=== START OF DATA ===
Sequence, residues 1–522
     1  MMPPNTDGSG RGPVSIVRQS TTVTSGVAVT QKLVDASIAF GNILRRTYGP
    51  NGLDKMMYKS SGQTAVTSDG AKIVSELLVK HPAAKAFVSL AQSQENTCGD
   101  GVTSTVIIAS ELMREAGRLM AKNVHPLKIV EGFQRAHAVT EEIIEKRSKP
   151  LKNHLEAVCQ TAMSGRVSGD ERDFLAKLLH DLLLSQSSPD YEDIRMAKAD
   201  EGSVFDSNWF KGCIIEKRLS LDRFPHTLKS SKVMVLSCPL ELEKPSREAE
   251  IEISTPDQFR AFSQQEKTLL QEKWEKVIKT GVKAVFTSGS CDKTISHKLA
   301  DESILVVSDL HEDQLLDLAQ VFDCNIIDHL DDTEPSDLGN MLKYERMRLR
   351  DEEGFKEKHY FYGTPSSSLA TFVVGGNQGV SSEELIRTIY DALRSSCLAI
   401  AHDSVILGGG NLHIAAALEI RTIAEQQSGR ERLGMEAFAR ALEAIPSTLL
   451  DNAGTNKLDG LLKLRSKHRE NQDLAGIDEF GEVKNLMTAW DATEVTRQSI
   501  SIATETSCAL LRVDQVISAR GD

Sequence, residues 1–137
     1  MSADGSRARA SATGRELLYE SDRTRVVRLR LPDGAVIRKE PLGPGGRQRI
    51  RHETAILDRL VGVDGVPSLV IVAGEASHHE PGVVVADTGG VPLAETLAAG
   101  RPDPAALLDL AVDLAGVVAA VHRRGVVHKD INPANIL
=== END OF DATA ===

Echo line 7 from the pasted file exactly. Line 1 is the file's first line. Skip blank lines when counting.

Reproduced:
   251  IEISTPDQFR AFSQQEKTLL QEKWEKVIKT GVKAVFTSGS CDKTISHKLA